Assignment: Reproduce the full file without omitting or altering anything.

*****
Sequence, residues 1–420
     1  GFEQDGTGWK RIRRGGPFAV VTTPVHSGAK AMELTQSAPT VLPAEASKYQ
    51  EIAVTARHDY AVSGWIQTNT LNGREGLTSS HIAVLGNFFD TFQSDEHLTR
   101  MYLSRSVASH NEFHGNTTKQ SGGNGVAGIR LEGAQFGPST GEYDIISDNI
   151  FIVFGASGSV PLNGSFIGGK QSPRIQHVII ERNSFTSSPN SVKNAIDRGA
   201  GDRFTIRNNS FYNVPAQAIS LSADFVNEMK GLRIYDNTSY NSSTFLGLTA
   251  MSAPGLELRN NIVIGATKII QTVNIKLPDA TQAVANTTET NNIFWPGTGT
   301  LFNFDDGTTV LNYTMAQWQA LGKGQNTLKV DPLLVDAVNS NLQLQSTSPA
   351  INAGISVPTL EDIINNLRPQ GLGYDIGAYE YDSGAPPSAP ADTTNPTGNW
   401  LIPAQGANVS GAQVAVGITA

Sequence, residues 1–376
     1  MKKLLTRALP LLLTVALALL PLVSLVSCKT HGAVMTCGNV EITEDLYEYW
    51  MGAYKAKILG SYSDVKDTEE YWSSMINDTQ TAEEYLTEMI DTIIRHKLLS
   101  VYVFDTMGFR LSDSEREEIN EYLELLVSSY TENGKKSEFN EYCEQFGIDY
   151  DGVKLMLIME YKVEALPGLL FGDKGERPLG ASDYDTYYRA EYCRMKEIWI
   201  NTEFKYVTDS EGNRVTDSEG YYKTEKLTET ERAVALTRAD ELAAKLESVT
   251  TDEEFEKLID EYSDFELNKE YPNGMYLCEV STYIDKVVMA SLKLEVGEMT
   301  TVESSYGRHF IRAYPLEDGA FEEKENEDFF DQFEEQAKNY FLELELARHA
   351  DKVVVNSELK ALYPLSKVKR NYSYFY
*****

Sequence, residues 1–420
     1  GFEQDGTGWK RIRRGGPFAV VTTPVHSGAK AMELTQSAPT VLPAEASKYQ
    51  EIAVTARHDY AVSGWIQTNT LNGREGLTSS HIAVLGNFFD TFQSDEHLTR
   101  MYLSRSVASH NEFHGNTTKQ SGGNGVAGIR LEGAQFGPST GEYDIISDNI
   151  FIVFGASGSV PLNGSFIGGK QSPRIQHVII ERNSFTSSPN SVKNAIDRGA
   201  GDRFTIRNNS FYNVPAQAIS LSADFVNEMK GLRIYDNTSY NSSTFLGLTA
   251  MSAPGLELRN NIVIGATKII QTVNIKLPDA TQAVANTTET NNIFWPGTGT
   301  LFNFDDGTTV LNYTMAQWQA LGKGQNTLKV DPLLVDAVNS NLQLQSTSPA
   351  INAGISVPTL EDIINNLRPQ GLGYDIGAYE YDSGAPPSAP ADTTNPTGNW
   401  LIPAQGANVS GAQVAVGITA

Sequence, residues 1–376
     1  MKKLLTRALP LLLTVALALL PLVSLVSCKT HGAVMTCGNV EITEDLYEYW
    51  MGAYKAKILG SYSDVKDTEE YWSSMINDTQ TAEEYLTEMI DTIIRHKLLS
   101  VYVFDTMGFR LSDSEREEIN EYLELLVSSY TENGKKSEFN EYCEQFGIDY
   151  DGVKLMLIME YKVEALPGLL FGDKGERPLG ASDYDTYYRA EYCRMKEIWI
   201  NTEFKYVTDS EGNRVTDSEG YYKTEKLTET ERAVALTRAD ELAAKLESVT
   251  TDEEFEKLID EYSDFELNKE YPNGMYLCEV STYIDKVVMA SLKLEVGEMT
   301  TVESSYGRHF IRAYPLEDGA FEEKENEDFF DQFEEQAKNY FLELELARHA
   351  DKVVVNSELK ALYPLSKVKR NYSYFY